There are many versions today of the Silay lumpia but there is only one original...and that is Emma Lacson's lumpia ubod. All others are poor imitations. Tita Emma's lumpia use fresh ubod (young coconut trunk meat), no decorative lettuce (yuck) and the thinnest homemade egg wrapper ever. The secret sauce is included in the filling (which is distinctive of most Silay lumpia) and they used to put in a green onion stalk but did away with it when they learned that people just threw it away before eating. I should know...I grew up surrounded by food and yes, I was one of those who threw away the green onion. There was no big commercial food establishment in Silay when I was growing up, except maybe for El Ideal. So that when people wanted to eat a particular food, we would call a particular family known for making the best version in the city and make an order. These food made from family recipes have been handed down from generation to generation and were not available commercially. In fact, when one makes an order, it comes out as a request and a favor at the same time. Of course, that was then. Today, Tita Emma's lumpia ubod is available daily and the family "hobby" has now grown into a successful food business but still small and manageable. The one taking care of business is her youngest daughter Nora, or Baby to family and friends. They have been featured in magazines and other bloggers have written about them, but as I told Baby when I came over to take pictures, I want to put on record and for people to know that they make the best that Silay can offer. Other old favorites aside from the lumpia, are the empanada...often copied but never equalled; the paño-paño are mini tarts, so called because the banana filling is placed in a crust that is shaped and folded like a napkin; the senorita is made of several crispy crusts layered with caramel in between; and last but not the least, the very popular pili squares which is a relatively new addition (although it is an old family favorite but due to low supply of pili nuts before, orders were very limited) having been available commercially for only about 20 years or so, compared to the others which have been Silay favorites for probably the last 100 years. The crispy empanada is great for afternoon snacks or tea while the rest are yummy desserts. I should warn you though that once you start eating the paño-paño and the pili squares, it is hard to stop...so one should just take a few of the tarts and 2 or 3 pieces of the squares and then keep them in a place as far away from you as possible...at least well until the next meal.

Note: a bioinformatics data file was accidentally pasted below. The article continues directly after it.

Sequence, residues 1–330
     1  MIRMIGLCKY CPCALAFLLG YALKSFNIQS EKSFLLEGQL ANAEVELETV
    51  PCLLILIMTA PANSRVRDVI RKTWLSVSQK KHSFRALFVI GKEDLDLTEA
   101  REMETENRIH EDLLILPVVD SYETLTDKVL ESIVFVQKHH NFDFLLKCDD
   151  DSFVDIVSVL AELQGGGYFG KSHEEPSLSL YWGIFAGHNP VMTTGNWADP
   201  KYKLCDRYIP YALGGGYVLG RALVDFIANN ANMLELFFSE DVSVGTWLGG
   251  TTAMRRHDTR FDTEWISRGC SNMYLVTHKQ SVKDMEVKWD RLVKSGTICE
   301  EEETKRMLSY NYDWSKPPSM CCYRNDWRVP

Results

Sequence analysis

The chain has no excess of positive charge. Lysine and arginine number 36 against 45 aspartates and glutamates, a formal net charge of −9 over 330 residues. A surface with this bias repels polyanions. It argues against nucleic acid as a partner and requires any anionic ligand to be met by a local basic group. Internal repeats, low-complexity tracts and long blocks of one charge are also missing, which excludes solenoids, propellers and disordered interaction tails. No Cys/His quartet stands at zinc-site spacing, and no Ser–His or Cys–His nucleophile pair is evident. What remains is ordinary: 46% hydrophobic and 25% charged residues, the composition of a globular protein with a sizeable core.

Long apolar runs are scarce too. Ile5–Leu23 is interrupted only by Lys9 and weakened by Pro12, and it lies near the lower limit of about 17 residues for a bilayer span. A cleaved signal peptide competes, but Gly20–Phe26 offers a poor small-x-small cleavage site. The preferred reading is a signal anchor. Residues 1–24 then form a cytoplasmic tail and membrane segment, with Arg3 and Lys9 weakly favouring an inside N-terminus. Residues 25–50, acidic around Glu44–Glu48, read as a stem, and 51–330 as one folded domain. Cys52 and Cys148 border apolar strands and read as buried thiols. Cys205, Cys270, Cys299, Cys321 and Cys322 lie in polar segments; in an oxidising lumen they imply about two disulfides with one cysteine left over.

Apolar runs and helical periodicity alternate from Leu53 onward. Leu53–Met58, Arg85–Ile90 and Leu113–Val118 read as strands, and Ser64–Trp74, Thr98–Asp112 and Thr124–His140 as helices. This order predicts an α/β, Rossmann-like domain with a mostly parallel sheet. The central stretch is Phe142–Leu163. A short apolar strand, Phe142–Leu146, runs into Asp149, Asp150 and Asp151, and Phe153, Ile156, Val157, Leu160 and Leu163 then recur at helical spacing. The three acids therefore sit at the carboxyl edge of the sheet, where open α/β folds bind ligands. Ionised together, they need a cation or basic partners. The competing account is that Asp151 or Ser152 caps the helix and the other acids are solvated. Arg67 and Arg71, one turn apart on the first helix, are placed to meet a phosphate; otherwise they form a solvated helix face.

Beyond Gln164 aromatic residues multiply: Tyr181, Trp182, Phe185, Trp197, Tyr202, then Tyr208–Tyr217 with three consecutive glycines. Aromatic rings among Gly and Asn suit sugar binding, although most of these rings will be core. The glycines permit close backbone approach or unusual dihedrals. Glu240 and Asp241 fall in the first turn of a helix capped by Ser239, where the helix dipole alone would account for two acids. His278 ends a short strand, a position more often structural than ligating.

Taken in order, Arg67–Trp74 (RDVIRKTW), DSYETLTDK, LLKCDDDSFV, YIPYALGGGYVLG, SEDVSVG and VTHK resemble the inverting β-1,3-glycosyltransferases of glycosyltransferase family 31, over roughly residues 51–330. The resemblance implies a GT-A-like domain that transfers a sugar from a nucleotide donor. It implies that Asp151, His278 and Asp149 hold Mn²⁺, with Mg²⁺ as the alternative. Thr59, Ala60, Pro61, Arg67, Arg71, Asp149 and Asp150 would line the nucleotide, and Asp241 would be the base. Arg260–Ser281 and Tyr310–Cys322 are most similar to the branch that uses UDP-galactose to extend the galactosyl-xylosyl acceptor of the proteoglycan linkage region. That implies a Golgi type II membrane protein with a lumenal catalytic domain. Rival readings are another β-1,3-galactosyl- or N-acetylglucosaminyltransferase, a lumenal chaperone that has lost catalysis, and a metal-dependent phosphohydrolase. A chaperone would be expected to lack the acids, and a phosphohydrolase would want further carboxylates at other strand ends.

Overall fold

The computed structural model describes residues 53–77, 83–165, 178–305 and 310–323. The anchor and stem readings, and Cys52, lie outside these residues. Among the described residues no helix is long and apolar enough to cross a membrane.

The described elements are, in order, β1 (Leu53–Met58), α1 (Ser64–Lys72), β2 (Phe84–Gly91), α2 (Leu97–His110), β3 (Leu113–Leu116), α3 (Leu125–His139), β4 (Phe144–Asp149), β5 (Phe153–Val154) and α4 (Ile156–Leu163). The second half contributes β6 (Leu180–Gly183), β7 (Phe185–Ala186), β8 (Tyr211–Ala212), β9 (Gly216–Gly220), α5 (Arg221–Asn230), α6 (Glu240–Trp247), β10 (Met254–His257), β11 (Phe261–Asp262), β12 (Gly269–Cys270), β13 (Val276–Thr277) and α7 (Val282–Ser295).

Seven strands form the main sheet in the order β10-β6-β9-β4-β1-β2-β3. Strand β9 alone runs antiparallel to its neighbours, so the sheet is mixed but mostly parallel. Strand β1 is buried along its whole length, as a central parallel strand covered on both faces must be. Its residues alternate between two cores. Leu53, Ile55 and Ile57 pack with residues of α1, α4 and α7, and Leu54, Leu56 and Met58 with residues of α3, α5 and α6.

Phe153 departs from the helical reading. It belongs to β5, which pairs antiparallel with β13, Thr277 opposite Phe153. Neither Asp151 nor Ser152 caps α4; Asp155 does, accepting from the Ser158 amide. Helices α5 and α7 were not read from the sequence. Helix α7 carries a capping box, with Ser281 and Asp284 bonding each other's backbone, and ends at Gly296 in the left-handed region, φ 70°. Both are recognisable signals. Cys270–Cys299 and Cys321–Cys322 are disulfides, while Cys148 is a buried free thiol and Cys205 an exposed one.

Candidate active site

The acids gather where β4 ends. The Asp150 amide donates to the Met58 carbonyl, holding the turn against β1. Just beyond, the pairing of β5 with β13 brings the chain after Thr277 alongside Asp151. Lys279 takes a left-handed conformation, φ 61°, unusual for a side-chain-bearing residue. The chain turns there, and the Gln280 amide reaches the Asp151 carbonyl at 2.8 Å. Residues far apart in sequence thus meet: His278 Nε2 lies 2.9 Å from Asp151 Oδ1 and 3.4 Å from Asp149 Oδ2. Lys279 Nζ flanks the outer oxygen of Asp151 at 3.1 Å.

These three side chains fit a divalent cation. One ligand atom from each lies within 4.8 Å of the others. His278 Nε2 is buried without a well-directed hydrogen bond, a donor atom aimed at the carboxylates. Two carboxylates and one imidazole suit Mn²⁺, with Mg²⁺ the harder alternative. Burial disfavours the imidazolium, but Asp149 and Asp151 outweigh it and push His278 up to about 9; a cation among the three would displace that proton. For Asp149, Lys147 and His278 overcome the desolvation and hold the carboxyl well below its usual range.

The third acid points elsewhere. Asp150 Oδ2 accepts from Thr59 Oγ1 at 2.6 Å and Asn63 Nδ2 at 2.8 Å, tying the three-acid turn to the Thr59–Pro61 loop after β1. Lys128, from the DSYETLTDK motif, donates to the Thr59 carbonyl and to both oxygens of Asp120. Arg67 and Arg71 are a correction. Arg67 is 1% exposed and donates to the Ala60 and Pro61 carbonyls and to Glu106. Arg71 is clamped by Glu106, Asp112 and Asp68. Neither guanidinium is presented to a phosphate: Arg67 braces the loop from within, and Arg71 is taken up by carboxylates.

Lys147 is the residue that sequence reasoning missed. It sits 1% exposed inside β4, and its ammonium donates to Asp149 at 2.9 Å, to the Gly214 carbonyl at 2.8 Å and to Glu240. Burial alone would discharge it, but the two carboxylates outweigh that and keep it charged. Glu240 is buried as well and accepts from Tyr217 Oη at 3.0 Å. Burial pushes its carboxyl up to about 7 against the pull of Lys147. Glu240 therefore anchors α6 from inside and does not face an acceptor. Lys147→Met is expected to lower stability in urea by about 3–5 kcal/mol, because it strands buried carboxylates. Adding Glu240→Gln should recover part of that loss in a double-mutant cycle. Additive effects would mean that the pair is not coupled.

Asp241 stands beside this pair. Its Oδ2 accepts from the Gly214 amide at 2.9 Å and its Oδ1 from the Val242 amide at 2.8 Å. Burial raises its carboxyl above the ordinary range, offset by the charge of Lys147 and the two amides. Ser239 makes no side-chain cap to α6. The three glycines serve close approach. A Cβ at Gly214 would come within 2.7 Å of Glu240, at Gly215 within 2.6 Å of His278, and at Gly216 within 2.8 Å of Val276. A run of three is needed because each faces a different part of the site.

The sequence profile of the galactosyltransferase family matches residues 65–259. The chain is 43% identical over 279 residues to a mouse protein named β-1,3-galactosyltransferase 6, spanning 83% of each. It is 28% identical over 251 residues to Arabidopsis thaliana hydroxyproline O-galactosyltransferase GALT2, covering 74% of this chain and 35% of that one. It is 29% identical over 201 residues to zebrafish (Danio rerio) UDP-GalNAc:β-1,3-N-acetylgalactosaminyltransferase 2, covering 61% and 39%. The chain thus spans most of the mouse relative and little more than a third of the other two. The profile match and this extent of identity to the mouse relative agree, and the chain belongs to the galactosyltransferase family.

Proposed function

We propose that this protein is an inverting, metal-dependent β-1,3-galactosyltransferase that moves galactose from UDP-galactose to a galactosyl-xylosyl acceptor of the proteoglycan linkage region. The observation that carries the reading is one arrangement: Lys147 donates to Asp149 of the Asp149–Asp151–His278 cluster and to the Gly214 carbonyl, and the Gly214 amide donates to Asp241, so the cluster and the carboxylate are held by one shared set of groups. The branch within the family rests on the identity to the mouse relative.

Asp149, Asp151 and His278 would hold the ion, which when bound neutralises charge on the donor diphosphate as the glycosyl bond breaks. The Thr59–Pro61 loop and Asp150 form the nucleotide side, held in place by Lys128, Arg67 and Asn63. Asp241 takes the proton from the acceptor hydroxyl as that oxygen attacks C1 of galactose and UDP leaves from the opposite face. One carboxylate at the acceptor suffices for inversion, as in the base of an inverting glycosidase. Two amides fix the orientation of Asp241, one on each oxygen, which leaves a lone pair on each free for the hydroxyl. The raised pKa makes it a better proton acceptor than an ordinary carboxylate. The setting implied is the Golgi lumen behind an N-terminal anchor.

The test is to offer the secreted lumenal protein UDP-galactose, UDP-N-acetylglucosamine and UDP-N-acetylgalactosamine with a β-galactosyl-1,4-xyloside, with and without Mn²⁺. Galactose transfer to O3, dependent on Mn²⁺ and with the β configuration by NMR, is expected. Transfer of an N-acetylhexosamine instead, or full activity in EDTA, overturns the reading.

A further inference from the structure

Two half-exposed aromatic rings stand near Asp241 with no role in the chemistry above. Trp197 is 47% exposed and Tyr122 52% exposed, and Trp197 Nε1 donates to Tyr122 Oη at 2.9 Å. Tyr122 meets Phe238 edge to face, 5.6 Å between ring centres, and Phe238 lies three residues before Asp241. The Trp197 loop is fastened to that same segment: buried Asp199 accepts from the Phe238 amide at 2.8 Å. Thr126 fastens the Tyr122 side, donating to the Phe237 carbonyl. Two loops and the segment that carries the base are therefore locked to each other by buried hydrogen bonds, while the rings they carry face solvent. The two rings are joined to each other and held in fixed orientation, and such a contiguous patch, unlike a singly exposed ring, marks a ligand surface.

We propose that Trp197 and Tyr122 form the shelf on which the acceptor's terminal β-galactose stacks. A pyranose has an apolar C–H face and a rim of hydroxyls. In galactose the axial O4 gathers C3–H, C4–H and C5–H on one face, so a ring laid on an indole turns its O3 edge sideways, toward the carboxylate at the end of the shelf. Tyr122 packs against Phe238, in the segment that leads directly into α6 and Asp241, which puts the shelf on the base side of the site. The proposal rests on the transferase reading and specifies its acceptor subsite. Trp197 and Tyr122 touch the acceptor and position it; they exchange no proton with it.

|Lumpia Ubod (Fresh Spring Rolls)|
|Pili Squares (small)|
My memories of the Lacson house is not all about food...the patriarch of the house, Tito Rudy was my first dentist...see that door and stairs where the tricycle is parked? That is where the most embarassing dental experience I have ever had in my entire childhood happened...but that is another story to tell for next time ;)
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The house is located at the corner of Rizal and Ledesma St (formerly Mckinley) right besides Bank of the Philippine Island-Silay Branch. Contact number is (02) 495-5047. You can reserve orders from 6 AM to 6 PM. Happy eating!!!